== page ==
Personal Finance

How to Budget for Your First Rental Apartment 

Living on your own for the first time comes with a specific mix of excitement and fear, especially when you’re looking for apartments in pricy metros like L.A. or Seattle. Besides all the planning, packing, and organizing, you also have to budget your living expenses for the first time, which can seem daunting at first. Well, we’re here to tell you it’s not that difficult to plan a budget, as long as you cover all your bases: 

Figure out how much rent you can afford 

You should start by figuring out how much rent you can afford. Most financial advisors recommend no more than 30% of your income should go towards housing. If you look at the bigger picture, you should spend around 50% of your income on fixed costs (that’s 30% on rent and an additional 20% on utilities, loan or debt payments, insurance), allocate around 30% for entertainment, clothing, going out and so on, and then save the remaining 20%.

Of course, every rule comes with exceptions. If you live in a big city with a competitive market, for example, you might end up spending more than 30% on rent and having to reduce some of your other budget items. If you live in a cheaper area, you might spend less on rent and save more. There’s no golden rule here, just guidelines when calculating how much you should spend on one thing or another. 

At the same time, keep in mind that some buildings come with extra expenses besides rent, like administration fees, garbage pickup, pest control, parking, and so on. Therefore, make sure you check for additional costs when you’re searching for an apartment. Also, if you have a pet, buildings sometimes charge pet rent on top of your regular rent. 

If you’ve looked at every possible budgeting method and you still can’t cover everything, don’t fret. Roommates are always an option, especially when you’re moving out of your parents’ house or dorm for the first time. Plus, you’ll be able to afford more room together, and with today’s technology, you can find roommates easier than ever.  

Break down your fixed expenses

So, what are the fixed costs you should be budgeting for before renting your first apartment? You should look at the following fees & services and also estimate how much utilities will cost you for the type of apartment you’re searching for. If you were looking for a 1-bedroom apartment, for example:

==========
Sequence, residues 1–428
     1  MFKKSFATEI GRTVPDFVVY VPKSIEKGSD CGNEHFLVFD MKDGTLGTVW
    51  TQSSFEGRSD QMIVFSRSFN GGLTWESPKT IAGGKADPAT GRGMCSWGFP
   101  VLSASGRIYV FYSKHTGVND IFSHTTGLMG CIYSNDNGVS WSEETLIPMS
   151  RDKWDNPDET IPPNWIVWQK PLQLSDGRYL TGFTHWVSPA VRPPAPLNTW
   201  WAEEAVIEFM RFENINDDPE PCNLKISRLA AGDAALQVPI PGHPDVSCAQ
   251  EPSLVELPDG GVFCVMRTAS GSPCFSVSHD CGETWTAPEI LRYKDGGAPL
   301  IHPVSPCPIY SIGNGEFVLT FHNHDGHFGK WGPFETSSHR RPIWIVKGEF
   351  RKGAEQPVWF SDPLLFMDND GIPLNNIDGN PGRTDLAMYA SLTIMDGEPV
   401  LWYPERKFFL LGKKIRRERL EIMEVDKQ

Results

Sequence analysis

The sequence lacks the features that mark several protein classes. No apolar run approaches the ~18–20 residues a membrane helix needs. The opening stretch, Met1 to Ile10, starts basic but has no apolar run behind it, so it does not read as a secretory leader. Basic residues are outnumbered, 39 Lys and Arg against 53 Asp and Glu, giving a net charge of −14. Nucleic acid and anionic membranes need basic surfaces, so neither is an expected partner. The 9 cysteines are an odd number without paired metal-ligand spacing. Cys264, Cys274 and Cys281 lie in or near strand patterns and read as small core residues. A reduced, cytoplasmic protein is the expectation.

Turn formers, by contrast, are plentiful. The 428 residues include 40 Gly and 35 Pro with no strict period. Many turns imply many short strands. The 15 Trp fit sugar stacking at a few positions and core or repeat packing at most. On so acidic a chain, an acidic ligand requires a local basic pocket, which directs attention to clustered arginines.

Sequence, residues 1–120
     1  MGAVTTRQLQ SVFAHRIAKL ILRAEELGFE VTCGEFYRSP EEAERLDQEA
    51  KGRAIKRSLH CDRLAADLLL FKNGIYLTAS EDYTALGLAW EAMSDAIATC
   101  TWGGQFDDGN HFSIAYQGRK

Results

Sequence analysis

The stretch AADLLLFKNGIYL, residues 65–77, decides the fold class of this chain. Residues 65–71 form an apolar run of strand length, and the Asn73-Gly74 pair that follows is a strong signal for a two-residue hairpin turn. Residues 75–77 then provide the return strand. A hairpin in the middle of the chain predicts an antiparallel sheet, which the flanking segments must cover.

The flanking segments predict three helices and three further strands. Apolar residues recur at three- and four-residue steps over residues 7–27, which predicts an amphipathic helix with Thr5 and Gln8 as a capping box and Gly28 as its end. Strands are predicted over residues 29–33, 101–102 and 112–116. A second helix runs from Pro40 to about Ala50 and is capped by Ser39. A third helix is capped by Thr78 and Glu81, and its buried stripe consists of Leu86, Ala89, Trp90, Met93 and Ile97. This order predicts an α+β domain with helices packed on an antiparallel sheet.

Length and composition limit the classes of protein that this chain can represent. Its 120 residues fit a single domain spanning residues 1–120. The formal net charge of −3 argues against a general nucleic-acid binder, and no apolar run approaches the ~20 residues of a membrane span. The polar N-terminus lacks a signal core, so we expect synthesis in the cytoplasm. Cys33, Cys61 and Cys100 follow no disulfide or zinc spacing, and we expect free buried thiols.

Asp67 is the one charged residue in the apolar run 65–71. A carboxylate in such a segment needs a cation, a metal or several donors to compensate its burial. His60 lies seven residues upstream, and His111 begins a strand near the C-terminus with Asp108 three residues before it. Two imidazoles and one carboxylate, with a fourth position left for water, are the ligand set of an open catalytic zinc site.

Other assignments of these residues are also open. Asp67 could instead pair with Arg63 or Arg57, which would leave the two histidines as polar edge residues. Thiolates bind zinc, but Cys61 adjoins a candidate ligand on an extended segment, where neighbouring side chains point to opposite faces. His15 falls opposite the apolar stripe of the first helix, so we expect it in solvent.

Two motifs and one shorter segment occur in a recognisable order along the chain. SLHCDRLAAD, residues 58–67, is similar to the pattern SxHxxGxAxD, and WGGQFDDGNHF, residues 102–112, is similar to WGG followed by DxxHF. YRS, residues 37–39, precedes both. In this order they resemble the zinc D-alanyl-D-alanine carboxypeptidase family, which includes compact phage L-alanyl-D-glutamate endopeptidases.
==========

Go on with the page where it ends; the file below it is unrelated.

• Electricity: the average electric bill for a 1-bedroom apartment is around $60.
  • Water/sewage/garbage: these are often included in the rent, but you should check on that. If it’s paid separately, expect the water bill to be around $50 and the garbage collection/sewage services to set you back about $20.
  • Gas: in states with milder temperatures, you can expect to pay around $100-$150 a month, but if your appliances are high-efficiency, this charge can go as low as $60-$80.
  • Communications: you’ll pay around $40-$70 for a good internet connection, and an average of $100 if you also want cable. 

Loan & debt payments 

Obviously you should keep up with your loan & debt payments. You’ll increase your financial security, be able to spend on the things you enjoy without racking up more debt, improve your credit score, own your things, and generally become more independent. Budget accordingly. 

Groceries & household necessities  

You’ll only really know how much you’ll spend on these once you’ve done it a couple of times.That’s why you should, be mindful of how much you spend and track your expenses when it comes to food & household necessities. 

Public transportation/Parking/Fuel

If you have a car, you’re going to need a parking space and fuel. If you don’t, you’ll need to travel using the public transportation. Either way, figuring out how much you spend on gas or bus/subway/train passes in a given month will ensure you won’t overspend in other areas. 

Renter’s insurance

This one is optional but highly recommended, but if anything happens to your things, you’ll be covered.  Often if you choose to bundle, you can get a discount on both renters’ and car insurance. 


You might not know how much you spend on movie or concert tickets, but you do know how much you spend on your streaming services every month. Make sure you’re up to date on all the subscriptions you’re paying and aware of how much you’re spending on them.

Budget for the move itself

Finally, you should budget for the move.

First off, you’ll have to pay a security deposit and probably some agent fees. If you have a pet, a pet deposit is most likely required as well. Also, if you don’t have a spacious car or willing friends, you may need to hire movers. 

At the same time, your new apartment might require a few furniture items or kitchen/bathroom utensils, so make sure you have list prepared after you’ve decided on an apartment to rent. 

All in all, if you start a spreadsheet and log all of these expenses, you’ll be on your way to managing your money efficiently. And if you ever run into problems with your budgeting – we all splurge a little sometimes – you can always trim the fat and live more frugally until you’re back on your feet. 

About the author

Irina Lupa is a creative writer for RENTCafé, where she covers market trends and topics relevant to today’s renters. Before developing a passion for real estate, she focused on fields ranging from automotive electronics to digital business development, where she wrote tech news from a critical perspective. Irina holds a B.S. in Journalism and Mass Communication. You can connect with Irina via email.